lous undertaking, to have conducted their through Benin, he having just arrived from

arrangements so ably at the outset, as to America. The mission was instructed by convert the greatest obstacle to their proGovernment to request this gentleman's gress into a protection and support lo

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AFRICAN MISSION.

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them in their adventurous journey. A more

May); Assist.surg. D. Campbell to be surg., v.

Alexander app. to 6th Drags. (27 Apr.); Assist. worthy persevering character than Captain

surg, W. M. Wilkins, from Ceyl. Regt., to be Clapperton could not have been sent out, assist.surg., v. Ralph dec. (20 Apr.)

3d Foot. Lieut. S. Ridd, from h. p. 60th F., to or one more likely to accomplish the im

be lieut., v. Wheatstone app. to 53d F. (13 Apr.); portant objects of the mission. Every step

Lieut. E. W. Antrobus, from h. p. 13th F., to be has hitherto succeeded beyond his most lieut., v. Ashhurst, whose app. has not taken place sanguine expectations. Two tracts

of (27 Mar.)

6th Foot. Assist.surg. to forces P. Campbell to be country, containing extensive kingdoms assist.surg., v. Hood, whose app. has been cancelled scarcely known by name in Europe, will (20 Apr.) be traversed by the divided mission, if the 13th Foot. 2d-Lieut. C. White, from Ceyl. Regt.,

ate unhealthiness of the climate do not arrest

to be ens., v. Pearson dec. (13 Apr.); Hosp.

P. Brodie to be assist.surg., v. Henderson prom, their progress. Even in this respect they in 87th F. (20 Apr.) are fortunate ; the rainy season is now 14th Foot. Brev. Maj. M. Everard, to be maj., v. over, and the country comparatively

Tidy prom. in 44th F.; Lieut. H. B. Armstrong to

be capt., v. Everard; Ens. B. V. Layard to be healthy, Captain Clapperton has perfectly lieut., v. Armstrong, and Lieut. J. Grant to be recovered from the consequences of his adj., v. Armstrong (all 4 May). last journey, and is now in excellent health

16th Foot. T. Douglass to be ens. by purch., V.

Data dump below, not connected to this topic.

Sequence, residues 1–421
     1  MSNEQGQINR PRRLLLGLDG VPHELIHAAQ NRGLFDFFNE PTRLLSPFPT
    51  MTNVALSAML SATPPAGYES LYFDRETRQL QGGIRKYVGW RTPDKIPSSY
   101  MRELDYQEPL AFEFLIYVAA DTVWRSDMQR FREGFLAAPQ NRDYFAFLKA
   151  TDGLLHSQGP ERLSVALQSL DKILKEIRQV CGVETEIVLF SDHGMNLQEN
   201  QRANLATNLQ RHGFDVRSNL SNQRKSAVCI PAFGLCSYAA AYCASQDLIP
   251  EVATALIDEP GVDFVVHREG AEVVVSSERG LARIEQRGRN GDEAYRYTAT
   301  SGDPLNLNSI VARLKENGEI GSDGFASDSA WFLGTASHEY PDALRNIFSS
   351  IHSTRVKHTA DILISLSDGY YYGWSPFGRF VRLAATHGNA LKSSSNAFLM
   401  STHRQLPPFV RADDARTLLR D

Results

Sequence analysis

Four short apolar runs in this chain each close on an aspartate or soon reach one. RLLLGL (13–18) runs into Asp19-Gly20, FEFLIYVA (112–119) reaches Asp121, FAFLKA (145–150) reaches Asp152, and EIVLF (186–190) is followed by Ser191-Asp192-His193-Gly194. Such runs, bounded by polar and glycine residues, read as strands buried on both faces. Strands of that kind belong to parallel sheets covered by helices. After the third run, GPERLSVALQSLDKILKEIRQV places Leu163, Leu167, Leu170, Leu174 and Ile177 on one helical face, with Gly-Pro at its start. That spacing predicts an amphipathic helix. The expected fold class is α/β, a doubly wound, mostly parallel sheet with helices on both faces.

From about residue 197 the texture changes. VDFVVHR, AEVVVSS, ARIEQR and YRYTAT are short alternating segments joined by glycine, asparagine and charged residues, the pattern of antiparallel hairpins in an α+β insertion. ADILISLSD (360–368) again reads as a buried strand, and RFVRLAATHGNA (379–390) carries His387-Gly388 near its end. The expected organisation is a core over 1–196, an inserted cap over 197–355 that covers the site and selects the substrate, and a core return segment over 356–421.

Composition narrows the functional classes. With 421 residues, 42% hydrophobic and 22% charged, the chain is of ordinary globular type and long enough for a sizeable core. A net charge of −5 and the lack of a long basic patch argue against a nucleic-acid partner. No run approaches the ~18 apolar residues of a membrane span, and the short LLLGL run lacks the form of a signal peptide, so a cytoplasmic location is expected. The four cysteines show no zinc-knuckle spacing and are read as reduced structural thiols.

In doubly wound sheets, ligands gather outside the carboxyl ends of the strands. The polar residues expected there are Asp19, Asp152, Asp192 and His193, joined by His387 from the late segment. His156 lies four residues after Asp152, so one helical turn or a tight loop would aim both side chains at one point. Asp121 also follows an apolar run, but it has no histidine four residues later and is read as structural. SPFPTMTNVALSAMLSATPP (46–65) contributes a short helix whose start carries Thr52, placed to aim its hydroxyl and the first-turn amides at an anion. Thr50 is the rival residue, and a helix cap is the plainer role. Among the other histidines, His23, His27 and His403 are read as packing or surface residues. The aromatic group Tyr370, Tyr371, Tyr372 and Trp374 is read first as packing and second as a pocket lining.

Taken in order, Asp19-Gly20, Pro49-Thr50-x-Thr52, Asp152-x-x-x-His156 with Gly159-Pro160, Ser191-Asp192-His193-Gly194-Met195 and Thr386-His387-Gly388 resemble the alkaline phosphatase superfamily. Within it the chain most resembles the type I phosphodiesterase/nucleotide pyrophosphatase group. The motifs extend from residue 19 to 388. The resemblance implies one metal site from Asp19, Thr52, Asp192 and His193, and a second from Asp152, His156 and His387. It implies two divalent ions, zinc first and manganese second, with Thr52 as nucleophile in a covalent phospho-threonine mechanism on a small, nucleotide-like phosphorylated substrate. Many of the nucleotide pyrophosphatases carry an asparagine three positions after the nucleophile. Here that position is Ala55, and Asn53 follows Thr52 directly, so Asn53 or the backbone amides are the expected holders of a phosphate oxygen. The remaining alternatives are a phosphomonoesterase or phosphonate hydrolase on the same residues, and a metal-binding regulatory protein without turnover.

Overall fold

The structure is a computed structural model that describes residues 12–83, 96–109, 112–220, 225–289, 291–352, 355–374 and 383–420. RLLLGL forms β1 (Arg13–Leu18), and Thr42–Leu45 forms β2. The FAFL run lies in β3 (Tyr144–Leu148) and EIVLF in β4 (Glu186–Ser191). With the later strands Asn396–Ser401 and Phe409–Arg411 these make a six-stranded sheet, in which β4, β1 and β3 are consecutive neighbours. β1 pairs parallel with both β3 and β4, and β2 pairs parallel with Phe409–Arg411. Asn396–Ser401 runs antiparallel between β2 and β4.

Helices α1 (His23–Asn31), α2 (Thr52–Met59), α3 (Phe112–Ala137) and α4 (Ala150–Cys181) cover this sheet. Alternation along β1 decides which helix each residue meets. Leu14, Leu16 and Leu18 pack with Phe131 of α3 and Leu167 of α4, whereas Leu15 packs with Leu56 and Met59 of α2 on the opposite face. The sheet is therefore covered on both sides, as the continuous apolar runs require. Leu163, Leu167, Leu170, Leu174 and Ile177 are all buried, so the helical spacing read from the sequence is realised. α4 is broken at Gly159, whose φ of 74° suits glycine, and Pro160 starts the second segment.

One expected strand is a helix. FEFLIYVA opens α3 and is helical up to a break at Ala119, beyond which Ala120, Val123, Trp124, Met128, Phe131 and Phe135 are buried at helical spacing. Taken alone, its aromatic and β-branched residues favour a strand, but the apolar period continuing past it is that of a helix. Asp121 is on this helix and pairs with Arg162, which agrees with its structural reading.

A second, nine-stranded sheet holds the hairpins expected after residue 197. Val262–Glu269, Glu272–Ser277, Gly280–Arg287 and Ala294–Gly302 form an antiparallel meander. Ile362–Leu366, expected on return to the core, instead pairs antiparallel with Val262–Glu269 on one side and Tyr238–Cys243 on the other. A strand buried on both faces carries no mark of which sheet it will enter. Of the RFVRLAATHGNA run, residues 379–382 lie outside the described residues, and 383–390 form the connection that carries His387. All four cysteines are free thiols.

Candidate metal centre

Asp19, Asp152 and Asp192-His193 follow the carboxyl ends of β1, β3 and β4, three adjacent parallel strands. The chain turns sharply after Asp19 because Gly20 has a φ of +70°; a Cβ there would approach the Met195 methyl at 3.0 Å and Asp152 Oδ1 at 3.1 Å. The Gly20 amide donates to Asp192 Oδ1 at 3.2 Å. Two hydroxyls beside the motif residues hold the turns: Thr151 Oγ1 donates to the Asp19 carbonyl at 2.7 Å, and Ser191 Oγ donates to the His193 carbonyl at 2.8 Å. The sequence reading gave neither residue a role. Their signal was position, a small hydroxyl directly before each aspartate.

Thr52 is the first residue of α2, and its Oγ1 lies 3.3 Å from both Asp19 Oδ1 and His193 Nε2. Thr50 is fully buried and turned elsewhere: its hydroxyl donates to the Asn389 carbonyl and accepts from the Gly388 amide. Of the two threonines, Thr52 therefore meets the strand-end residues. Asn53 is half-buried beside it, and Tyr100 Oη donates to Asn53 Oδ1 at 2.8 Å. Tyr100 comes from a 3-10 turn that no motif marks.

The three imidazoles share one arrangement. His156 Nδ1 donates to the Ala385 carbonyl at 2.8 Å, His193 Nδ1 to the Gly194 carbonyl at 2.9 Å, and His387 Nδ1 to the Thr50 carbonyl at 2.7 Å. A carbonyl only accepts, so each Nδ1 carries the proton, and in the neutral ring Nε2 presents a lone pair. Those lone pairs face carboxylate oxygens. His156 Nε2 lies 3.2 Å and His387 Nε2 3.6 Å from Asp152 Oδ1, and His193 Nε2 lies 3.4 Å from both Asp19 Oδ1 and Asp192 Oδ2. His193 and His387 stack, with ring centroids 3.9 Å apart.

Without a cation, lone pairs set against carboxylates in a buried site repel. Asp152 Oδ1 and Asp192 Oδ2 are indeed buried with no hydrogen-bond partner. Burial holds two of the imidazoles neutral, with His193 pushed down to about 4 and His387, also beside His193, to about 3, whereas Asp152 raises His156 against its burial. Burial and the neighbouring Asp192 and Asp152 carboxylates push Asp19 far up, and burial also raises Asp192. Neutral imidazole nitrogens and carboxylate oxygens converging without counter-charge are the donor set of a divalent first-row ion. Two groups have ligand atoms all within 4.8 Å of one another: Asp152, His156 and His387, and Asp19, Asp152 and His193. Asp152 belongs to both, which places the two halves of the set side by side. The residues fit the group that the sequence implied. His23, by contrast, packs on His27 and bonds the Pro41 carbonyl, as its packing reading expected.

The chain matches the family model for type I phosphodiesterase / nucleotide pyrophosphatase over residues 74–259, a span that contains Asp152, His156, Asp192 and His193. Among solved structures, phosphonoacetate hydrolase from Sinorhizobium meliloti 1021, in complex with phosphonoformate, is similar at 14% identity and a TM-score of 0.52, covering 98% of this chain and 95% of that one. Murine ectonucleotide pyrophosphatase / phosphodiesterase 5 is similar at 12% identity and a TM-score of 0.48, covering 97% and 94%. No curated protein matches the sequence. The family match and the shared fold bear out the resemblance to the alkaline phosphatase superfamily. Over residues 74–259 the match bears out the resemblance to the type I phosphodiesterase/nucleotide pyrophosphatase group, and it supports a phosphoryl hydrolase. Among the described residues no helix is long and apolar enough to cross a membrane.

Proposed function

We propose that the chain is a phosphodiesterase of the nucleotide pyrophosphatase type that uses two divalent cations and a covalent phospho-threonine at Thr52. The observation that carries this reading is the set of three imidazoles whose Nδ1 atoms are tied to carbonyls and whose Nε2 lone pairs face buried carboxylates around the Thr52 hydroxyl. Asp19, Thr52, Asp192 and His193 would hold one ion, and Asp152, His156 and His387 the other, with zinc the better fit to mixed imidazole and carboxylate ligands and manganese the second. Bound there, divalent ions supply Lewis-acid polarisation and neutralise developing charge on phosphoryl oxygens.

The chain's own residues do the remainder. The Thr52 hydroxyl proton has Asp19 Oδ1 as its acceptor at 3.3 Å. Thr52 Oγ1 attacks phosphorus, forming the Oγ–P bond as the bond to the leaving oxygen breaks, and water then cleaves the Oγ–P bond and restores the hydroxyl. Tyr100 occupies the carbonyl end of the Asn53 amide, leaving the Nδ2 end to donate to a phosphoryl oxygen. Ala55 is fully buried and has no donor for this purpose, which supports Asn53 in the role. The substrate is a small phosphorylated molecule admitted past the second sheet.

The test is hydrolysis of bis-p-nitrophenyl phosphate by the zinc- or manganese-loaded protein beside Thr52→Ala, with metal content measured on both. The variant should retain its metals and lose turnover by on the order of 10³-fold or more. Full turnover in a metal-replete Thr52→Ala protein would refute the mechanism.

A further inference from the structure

Kellett prom. (22d Apr.); Ens. W. F. Hannagan, and spirits, as are all his companions.- from h. p. 76th F., to be ens., v. J. M'Intosh, who

They commence their peregrinations to. exch., rec. dif. (20 Apr.) morrow morning."

30th Foot. Ens. C. H. Marechaux to be lieut., v. Gregg dec.; and E. R. Gregg to be Ens., v. Mare

chaux (both 6 Apr.) Accounts have reached Cape Coast of 40th Foot. Hosp. Assist. J. Mackenzie to be the death of Capt. Pearce, R.N., and Dr.

assist. surg. (12 Apr.)

41st Foot. Ens. J. G. Inglis, from 54th F., to be Morrison, the companions of Capt. Clap.

lieut. by purch., V. Gray, who rets. (22 Apr.) perton, who had reached Soudan, 160 miles 44th Foot. Ens. A. A. Browne, from 13th F., to in the interior, nearly in lat. 8 north, and be lieut. by purch., v. Hawkins prom. in 89th F.

(13 Apr.) ; Brev. Lieut. Col. F. S. Tidy, from 14th was, by the last advices received of him,

Ft. to be lieut. col., v. dec. (4 May.) descending the north of the Kong Moun

46th Foot. J. Lacy to be ens., V. Cumming dec. tains on his route to Timbuctoo.

(20 Apr.)

47th Foot. Lieut. C. Walker, from h. p. 4th F.,

to be lieut., v. R. Cochrane, who exch. (27 Apr.) COLONIAL APPOINTMENTS.

54th F. ot. Ens. R. Burton to be lieut. by purch., His Majesty has been pleased to ap- v. Crofton, who rets. (12 Apr.); Lieut. F. T'inpoint A. Baxter, Esq. to the office of